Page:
Happy Gaudete Sunday! Today is the third Sunday of Advent, known as Gaudete Sunday, from the Latin imperative for “Rejoice!” You may notice that the Garretts lit a pink candle on the Advent wreath as well as the purple candles from weeks one and two. That pink candle symbolizes joy and so I say to you, “Rejoice!”
In the spirit of keeping it real, however, I will have to confess that birthing a sermon on joy has been quite a challenge. Everywhere I’ve turned of late I’ve been confronted with stories of grief, loss, struggle, and even despair, so I’ve had to go deep into prayer and meditation to be able to speak to you about joy in a way that is faithful and full of integrity. It’s been a painful and beautiful process all at once. In the words of that wonderful NPR project about core values “This I Believe,” let me say, this I believe– joy is not mere seasonal gaiety. It’s not the same thing as conditional happiness. Joy goes much deeper than that because is not dependent on external conditions. To quote my friend and teacher, the late Christian writer Henri Nouwen, joy is “the experience of knowing that you are unconditionally loved and that nothing—sickness, failure, emotional distress, oppression, war, or even death—can take that love away.”
A few years ago a woman I know attended a retreat for breast cancer survivors at the Gathering Place. In this retreat my friend learned that it was okay to shield herself from toxic people and situations whenever possible, and even more important that she take time to honor her feelings and needs as a way of maintaining the health of her heart and spirit.
Like the rhythm of the heart itself which expands and contracts, we are at times very open and at other times very closed. On both a global and personal level, we cannot always shield ourselves from toxic people and situations, but we can honor whatever we are feeling—be that doubt, confusion, fear, anger or deep sorrow. We may even be numb and that’s an honest part of grief. It is in being where we are that we are enabled to move to where we need to be in time. And as a pastor who cares deeply for all of you, I pray that you ultimately will move, like the rhythmically beating heart, through whatever may be weighing you down because you are a greatly loved child of God.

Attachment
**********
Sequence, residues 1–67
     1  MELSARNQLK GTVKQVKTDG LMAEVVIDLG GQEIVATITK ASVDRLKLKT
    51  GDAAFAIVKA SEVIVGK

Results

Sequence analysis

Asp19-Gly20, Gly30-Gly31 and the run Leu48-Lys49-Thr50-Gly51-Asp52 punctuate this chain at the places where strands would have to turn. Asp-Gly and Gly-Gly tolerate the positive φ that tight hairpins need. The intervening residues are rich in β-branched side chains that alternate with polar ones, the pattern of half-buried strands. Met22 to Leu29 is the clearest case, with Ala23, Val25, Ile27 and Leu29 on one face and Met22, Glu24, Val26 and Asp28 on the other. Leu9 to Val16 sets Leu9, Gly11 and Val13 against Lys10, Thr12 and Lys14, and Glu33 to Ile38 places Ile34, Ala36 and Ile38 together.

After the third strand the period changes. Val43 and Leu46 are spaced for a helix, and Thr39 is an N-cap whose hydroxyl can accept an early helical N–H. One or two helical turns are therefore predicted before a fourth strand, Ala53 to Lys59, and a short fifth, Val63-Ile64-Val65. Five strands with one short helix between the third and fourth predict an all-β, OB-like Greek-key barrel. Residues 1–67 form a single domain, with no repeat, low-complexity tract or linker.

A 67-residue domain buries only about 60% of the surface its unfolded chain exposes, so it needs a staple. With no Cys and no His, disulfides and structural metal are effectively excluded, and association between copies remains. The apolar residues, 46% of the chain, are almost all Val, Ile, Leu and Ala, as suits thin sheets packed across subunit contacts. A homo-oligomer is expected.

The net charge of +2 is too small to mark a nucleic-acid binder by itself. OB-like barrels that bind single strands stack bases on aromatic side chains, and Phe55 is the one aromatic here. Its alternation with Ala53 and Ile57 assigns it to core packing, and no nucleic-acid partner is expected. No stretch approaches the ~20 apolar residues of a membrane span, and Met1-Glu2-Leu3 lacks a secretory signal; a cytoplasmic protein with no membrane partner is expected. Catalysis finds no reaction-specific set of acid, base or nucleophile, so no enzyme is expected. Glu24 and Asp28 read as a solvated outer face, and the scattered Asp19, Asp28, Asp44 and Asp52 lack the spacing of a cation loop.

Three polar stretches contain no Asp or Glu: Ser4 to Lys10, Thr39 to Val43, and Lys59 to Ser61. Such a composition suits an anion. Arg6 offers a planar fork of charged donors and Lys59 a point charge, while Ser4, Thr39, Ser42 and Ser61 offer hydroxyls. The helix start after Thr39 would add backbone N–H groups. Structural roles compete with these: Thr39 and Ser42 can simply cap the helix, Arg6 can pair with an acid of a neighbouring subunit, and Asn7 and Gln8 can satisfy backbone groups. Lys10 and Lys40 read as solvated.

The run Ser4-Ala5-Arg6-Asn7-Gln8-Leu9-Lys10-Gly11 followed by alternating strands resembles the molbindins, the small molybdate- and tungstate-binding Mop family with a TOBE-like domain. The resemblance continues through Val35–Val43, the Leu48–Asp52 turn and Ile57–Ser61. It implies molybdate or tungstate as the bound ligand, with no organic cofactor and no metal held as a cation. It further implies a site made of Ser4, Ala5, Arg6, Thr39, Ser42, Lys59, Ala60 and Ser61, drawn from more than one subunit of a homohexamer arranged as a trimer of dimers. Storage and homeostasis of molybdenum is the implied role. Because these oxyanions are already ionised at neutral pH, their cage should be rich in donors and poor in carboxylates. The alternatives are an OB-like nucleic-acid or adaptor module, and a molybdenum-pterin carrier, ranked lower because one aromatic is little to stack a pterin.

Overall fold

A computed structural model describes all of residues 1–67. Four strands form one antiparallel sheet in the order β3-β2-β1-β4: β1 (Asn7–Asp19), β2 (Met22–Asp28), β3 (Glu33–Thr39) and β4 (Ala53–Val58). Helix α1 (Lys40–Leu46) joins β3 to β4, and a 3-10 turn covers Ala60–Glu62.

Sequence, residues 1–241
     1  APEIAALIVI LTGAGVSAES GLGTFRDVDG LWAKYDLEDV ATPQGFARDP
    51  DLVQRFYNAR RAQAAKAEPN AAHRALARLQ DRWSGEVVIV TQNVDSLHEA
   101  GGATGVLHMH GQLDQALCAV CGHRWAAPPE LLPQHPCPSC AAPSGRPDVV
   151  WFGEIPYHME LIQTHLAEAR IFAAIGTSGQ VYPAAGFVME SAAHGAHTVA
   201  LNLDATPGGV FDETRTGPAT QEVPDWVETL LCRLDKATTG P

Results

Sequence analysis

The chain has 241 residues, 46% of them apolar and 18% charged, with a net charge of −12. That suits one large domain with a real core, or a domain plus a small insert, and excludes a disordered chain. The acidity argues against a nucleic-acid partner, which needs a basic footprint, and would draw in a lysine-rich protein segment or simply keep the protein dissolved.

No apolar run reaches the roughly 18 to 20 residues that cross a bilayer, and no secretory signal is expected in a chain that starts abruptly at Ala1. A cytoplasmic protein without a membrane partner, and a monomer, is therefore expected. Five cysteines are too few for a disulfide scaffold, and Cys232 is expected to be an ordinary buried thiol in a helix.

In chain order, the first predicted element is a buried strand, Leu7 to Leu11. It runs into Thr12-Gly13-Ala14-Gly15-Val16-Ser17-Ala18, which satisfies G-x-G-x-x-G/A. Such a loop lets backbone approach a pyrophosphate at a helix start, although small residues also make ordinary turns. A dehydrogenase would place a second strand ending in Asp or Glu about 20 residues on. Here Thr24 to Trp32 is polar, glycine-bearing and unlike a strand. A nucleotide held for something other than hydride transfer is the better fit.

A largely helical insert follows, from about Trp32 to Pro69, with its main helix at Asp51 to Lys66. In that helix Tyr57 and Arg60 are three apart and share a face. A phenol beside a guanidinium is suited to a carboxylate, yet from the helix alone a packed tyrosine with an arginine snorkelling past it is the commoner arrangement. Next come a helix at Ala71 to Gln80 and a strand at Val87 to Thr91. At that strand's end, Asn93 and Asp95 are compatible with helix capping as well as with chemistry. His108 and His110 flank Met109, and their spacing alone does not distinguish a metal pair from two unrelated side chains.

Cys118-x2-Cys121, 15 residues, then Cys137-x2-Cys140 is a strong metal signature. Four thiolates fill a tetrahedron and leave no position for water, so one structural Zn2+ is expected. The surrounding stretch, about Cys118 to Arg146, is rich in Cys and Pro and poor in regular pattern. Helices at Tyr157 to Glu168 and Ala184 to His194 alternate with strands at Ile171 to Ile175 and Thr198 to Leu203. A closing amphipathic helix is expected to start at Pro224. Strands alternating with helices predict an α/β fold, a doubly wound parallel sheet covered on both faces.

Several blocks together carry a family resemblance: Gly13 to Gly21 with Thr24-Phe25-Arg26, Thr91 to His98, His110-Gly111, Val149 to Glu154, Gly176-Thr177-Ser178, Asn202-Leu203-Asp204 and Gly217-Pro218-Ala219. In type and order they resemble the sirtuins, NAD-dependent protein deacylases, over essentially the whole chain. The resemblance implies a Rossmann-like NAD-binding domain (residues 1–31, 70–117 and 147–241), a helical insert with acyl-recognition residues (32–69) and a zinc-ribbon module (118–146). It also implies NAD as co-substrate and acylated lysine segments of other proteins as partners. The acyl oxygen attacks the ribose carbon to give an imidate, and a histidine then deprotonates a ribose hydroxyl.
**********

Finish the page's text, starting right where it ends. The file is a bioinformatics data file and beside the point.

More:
This morning’s reading from Philippians is a powerful reminder of who God calls us to be in challenging times. Paul’s words are more appropriate for our world today than you may realize. Paul wrote them from one of the many jail cells in which he was confined for preaching the good news of God’s love for all people. If he were alive today, you can be sure he would be on somebody’s watch list for such subversive activity. As he penned these lines the possibility of his execution hung in the air like an uncertain diagnosis.
Remember that the culture of Paul’s time was a brutal one where human life was of little to no value. Remember also that Paul was writing to the Philippian church, one he had planted and dearly loved, but which was now seriously threatened by internal power struggles and external opponents. If anyone had cause to feel despair or fear it would be Paul, but there isn’t the slightest hint of discouragement or anxiety in his words. “Rejoice in the Lord always, and again I will say, Rejoice!”
And what of our other Scripture reading, Mary’s exultant song of praise we have come to know as “The Magnificat?” What an extraordinary expression of joy it is, especially because, when Mary sings it, she is really quite vulnerable. A young teen of no account from the backwaters of Galilee, she is pregnant with the Holy Spirit’s child. Oh come on now– how’s that going to play in a rigid, patriarchal society where her fiancé could easily divorce her or a bloodthirsty crowd could stone her to death for being pregnant with who knows whose baby? Yet she joyfully sings of a different world, of a world where the powerful are brought down from their seats of power and the lowly are lifted up. Where the hungry are filled with good things and the rich sent away empty. What’s so remarkable about her song is that she sings as if that world has already fully arrived. She lays claim to God’s vision for humankind, a vision her son will embody as he lives out his message of compassion and unconditional love.